British retail sales saw no year-on-year growth in December for the first since 1991, with snow being cited as a major factor, according to the Office for National Statistics (ONS).
Indeed between November to December the total sales volume fell 0.8% after one of the coldest winters on record, with last month being the coldest December in 100 years according to the Met Office.
While sales of winter clothes rose, falls in food sales and petrol were blamed for the stagnant growth.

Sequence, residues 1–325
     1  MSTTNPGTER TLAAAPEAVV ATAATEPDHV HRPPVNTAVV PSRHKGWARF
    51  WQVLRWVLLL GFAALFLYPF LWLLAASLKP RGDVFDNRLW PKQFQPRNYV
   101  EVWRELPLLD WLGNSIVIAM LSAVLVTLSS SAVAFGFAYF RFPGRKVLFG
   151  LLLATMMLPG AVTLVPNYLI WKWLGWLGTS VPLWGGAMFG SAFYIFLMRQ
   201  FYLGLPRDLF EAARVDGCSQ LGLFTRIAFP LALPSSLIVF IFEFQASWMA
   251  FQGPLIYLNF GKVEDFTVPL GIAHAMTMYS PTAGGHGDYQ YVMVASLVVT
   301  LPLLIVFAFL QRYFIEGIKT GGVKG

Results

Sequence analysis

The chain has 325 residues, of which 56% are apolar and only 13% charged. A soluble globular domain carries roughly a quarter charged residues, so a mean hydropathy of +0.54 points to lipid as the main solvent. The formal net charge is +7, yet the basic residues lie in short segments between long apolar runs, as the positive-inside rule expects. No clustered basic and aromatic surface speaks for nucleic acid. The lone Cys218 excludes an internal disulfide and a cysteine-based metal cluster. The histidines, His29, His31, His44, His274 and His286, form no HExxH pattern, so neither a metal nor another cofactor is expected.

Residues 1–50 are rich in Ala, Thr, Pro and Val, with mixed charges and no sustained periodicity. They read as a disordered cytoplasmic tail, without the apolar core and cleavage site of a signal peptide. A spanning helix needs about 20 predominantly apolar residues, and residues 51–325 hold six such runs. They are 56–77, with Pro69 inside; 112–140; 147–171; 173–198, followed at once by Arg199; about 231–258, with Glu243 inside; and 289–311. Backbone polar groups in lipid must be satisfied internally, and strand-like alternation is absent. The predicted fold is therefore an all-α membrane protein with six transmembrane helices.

Jeremy Cook, the chief economist at World First, says: “Ever since the first snowflake descended on the UK we knew that the impact on the retail sector was likely to be significant. (article continues below)
“The 0.8% fall makes it the worst December figure on record at a time when the High Street was so in need of a strong Christmas. Given that consumer spending is such a huge part of UK GDP sets us up for a poor fourth quarter.
“Sterling is losing ground against all currencies following the announcement.”